Phytochemical content fruits treated with 600 Gy had the highest total phenolic content and antioxidant activity followed by

Postharvest 300 Gy. Irradiation stimulated the biosynthesis of some phenolic compounds such as, pyrogallol, gallic,

Quality parameters catechol, chlorogenic and ellagic acid.

Storage © 2016 The Egyptian Society of Radiation Sciences and Applications. Production and hosting by Elsevier

Strawberry B.V. This is an open access article under the CC BY-NC-ND license (http://creativecommons.org/licenses/

by-nc-nd/4.0/).

1. Introduction

Strawberry fruits (Fragaria x ananassa) in family Rosaceae is an important and widely consumed fruit. The fruit is highly perishable with a shelf life of 2—3 days at room temperature and is vulnerable to postharvest decay due to its high respiration rate, environmental stresses and pathogenic attacks (Zhang, Xiao, Peng, & Salokhe, 2003). In fact, postharvest decay of fruits and vegetables triggered by inappropriate storage conditions, pathogenic attacks, mechanical injuries and environmental stresses. These factors are serious problems causing substantial losses of fresh produce every year (Zhang, Li, & Liu, 2011). Losses are generally greater in the developing countries due to their lack of experience in handling such losses and the unavailability of postharvest storage facilities as compared to the developed countries (Jeffries & Jeger, 1990).

To reduce postharvest losses and extend shelf life of fresh produce, different postharvest management techniques such as low

* Corresponding author. Scientific Divisions Building — 5th floor, 3 Ahmed ElZomor St., P.O. Box 29, Nasr City, Cairo, Egypt.

E-mail address: alrahman_27israa@yahoo.com (R.W. Maraei). Peer review under responsibility of The Egyptian Society of Radiation Sciences and Applications.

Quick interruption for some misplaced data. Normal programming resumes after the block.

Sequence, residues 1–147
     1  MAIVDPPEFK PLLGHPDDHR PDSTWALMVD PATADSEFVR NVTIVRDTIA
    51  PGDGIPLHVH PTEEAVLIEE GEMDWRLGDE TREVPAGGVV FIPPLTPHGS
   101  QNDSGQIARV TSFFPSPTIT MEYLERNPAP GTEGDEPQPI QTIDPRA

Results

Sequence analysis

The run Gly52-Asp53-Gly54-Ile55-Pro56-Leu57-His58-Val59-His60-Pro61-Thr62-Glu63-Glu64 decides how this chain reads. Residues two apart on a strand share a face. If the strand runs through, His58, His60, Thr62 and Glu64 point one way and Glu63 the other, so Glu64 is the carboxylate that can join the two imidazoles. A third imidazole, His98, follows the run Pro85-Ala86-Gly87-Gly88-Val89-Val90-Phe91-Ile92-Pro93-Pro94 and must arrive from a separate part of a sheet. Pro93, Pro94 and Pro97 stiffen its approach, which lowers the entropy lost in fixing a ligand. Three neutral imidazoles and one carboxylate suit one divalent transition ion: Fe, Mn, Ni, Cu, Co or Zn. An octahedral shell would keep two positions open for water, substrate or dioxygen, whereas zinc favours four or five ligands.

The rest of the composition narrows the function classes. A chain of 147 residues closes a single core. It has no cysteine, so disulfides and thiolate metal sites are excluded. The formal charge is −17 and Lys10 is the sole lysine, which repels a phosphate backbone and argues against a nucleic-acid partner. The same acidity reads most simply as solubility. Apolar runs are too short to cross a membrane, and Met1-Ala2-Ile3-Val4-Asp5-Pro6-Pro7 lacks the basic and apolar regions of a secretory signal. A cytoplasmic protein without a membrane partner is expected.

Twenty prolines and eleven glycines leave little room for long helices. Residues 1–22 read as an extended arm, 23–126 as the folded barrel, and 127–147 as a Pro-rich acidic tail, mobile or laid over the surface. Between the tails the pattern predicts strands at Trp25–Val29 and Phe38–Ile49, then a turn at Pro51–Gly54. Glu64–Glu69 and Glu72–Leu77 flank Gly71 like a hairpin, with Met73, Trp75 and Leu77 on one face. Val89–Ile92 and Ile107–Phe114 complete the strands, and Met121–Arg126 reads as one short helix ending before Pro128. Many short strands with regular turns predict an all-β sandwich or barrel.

temperature storage, control atmosphere packaging and surface treatment with synthetic chemicals have been widely practiced. Controlled atmosphere packaging and low temperature storage techniques are effective and popular strategies for shelf life extension of fresh commodities however, in many reports it has been documented that these methods may not be able to control certain pathogenic fungi and bacteria in the prevailing storage conditions. Gamma irradiation has been successfully used as an alternative treatment for microbial disinfection and longevity of shelf life of fresh produce (Prakash, Inthajak, Huibregtse, Caporaso, & Foley, 2000).

Strawberry fruits are rich in natural antioxidants, including anthocyanins, flavonoids and phenolic compounds (Erkan, Wang, & Wang, 2008), which might provide human health properties. International Atomic Energy Association has recommended doses up to 3 kGy of gamma irradiation associated with low temperature storage (1—5 °C) for extending shelf life and for delaying the growth of grey mould (Botrytis cinerea) and Rhizopus rot on strawberries and fresh produce (IAEA, 1994, p. 779). Vitamin C is one of the most important free radical scavengers in plants, animals, and humans. The content of vitamin C in fruits and vegetables depends on various factors such as genotypic differences, preharvest climactic conditions, and postharvest handling procedures (Lee & Kader,

http://dx.doi.org/10.1016/j.jrras.2016.12.004